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Found 4 results

  1. gaiages

    Review: Megabyte Punch

    Developer: Reptile Games Publisher: Reptile Games Platform: PC ( Download, Desura, Gamers Gate, Steam) Release Date: August 6, 2013 ESRB: N/A (E recommended) Megabyte Punch is a special little game. It's a bunch of different unique titles mashed together. I mean, what would you think if you heard of a title that took a healthy helping of Custom Robo, added mechanics and elements from the Super Smash Bros. series, and added some Metroid-styled exploration to boot? That sort of mash-up just doesn't seem as though it'd work out--but that's what Megabyte Punch is, and it does it very, very well. In a virtual world, you gain the control of a Megac (a robotic creature) that is tasked by the Heartcore of the Megac village to protect it from an oncoming evil. It's a very simple story, and one you won't hear much of throughout the game. Still, it works well enough as a plot device, and gives you enough of a reason to traverse the title's six sprawling levels. When you enter a level, you have three stages to explore and a boss fight at the end of it. The stages themselves are pretty big and have plenty of nooks and crannies to explore... and exploring is also worth the effort, with a bunch of parts and colors to collect to customize your Megac with. Getting new parts will help you to get past the multitude of enemies the game will throw at you. You can customize every part of your robot, and give it combat abilities and other enhancements like increased speed and defense. Some of the 150 parts you can find are repeats, offering only cosmetic changes, but there are still a variety of choices available. When you run across enemies, it's then that the game's Super Smash Bros. influence comes in. Enemies don't have a static health bar; instead, the more damage they take, the easier it'll be to launch into the air and into walls. If you can hit them with enough velocity, they'll go flying and smash into bits (64 give you an extra life in the stages) and parts. Obviously, the same goes for you, so you want to make sure not to take too much damage, and if you do, make sure not to get hit with a powerful attack. While in the stages themselves, you don't have to worry about the damage mechanics too much, but during the boss fights, strategy become paramount. Bosses are one-on-one fights in an open arena, and depleting the boss's lives while staying alive is important. Boss fights tend to be the more challenging part of Megabyte Punch, but thankfully if you fail during a boss battle, you can warp back to the fight without going through the stages again to minimize frustration. For the most part, this game is challenging, but isn't frustrating. I've died multiple times in my journeys through the game's six stages, but for the most part I never really thought Megabyte Punch was being unfair. However, when I got to the final stage and boss, that changed. A new hazardous threat and some harsh level design changed the game from 'challenging' to 'frustrating' very quickly as I was thrown about like a pinball while trying to wall-jump. The final set of bosses felt a little cheap in their tactics too (though not as much the final boss as the ones before it); this is upsetting because the final area is marred by what was otherwise a near-perfect experience. Another thing (though it's more of a note than a negative) is that this game is best played with a gamepad or 360 controller plugged in to your computer. While the title does allow for keyboard control, it's pretty difficult and cumbersome to actually play the game with them, especially when considering that you do special moves by inputting a direction plus the special moves button. It's certainly possible to play without, but Megabyte Punch is really meant to be played with a controller, and trying to do otherwise will put a damper on the experience. Really though, Megabyte Punch is a pretty impressive game, and certainly worth the $14.99 entry fee for the regular edition. The Special Edition, which for five more dollars comes with the soundtrack, extra versus stages, and other little goodies is harder to recommend, so unless you really want the soundtrack, I'd only recommend the regular edition. But, give the game a download--you won't be disappointed! Pros: + Challenging skill-based gameplay is fun and feels rewarding + Large number of collectable parts and colors to find Cons: - Last level turns from challenging to frustrating - Hard to play without a gamepad, which can deter those without one Overall Score: 8.5 (out of 10) Great Megabyte Punch is a great genre mash-up that everyone should give a try.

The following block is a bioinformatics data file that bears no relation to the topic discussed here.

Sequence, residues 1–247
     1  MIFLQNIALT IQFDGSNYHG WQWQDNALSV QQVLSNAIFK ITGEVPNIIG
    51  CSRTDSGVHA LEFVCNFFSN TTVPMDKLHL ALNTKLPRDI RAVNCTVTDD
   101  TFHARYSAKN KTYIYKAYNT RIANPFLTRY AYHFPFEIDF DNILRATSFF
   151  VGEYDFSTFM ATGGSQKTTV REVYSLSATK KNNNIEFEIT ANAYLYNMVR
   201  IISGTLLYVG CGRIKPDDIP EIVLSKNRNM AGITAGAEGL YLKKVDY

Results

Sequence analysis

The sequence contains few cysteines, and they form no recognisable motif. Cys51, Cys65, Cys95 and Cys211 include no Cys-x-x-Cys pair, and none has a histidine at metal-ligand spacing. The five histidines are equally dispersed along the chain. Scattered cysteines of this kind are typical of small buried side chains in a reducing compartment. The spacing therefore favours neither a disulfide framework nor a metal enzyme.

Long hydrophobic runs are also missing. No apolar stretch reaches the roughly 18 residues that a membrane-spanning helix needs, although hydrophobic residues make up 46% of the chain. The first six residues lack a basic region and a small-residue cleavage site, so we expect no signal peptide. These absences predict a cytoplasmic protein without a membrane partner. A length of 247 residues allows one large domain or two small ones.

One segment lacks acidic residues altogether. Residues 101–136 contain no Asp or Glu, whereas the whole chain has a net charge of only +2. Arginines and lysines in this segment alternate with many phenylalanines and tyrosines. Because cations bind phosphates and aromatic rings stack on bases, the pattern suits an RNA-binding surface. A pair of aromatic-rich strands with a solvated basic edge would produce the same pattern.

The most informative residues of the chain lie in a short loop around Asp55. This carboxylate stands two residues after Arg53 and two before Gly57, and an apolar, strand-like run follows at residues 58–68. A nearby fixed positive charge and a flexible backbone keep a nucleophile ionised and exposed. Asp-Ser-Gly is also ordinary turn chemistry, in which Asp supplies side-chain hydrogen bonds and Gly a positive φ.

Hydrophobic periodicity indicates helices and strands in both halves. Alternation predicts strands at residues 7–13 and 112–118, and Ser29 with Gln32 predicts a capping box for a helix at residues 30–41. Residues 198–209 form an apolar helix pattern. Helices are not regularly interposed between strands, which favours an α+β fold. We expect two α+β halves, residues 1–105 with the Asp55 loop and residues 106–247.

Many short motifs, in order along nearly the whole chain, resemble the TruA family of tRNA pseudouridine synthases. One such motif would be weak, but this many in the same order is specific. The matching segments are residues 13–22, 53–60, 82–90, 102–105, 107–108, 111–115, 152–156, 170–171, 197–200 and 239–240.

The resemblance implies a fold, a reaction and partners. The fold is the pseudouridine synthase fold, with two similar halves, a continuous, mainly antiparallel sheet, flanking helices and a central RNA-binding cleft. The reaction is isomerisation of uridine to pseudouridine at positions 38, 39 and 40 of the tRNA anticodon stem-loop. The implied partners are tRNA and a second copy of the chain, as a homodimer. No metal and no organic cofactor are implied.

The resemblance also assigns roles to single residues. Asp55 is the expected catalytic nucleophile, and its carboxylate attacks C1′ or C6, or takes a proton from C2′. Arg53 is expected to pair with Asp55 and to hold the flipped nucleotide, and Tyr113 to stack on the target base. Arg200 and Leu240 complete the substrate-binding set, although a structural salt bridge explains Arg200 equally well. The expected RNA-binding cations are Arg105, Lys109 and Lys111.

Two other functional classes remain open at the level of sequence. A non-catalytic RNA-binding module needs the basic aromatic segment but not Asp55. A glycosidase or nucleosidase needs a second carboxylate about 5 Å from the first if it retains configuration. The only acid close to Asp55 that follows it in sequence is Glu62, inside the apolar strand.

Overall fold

2. Marcus Estrada

    HERO 1 (ET-18) Robot

    From the album: Classic Gaming Expo 2012 (CGX 2K12) Photo Album

    "A Sega PDA? Sort of. This pocket organizer/planner does the basics such as storing phone numbers and addresses. It also allows you to send messages to another IR 7000 via infrared transmission. The unit also has a built-in warrior game similar in some ways to Barcode Battleror Pokemon games."
  3. Marcus Estrada

    Axlon Petster Andy Robot

    From the album: Classic Gaming Expo 2012 (CGX 2K12) Photo Album

    "A Sega PDA? Sort of. This pocket organizer/planner does the basics such as storing phone numbers and addresses. It also allows you to send messages to another IR 7000 via infrared transmission. The unit also has a built-in warrior game similar in some ways to Barcode Battleror Pokemon games."
  4. Marcus Estrada

    Axlon Petster Robot Prototypes

    From the album: Classic Gaming Expo 2012 (CGX 2K12) Photo Album

    "A Sega PDA? Sort of. This pocket organizer/planner does the basics such as storing phone numbers and addresses. It also allows you to send messages to another IR 7000 via infrared transmission. The unit also has a built-in warrior game similar in some ways to Barcode Battleror Pokemon games."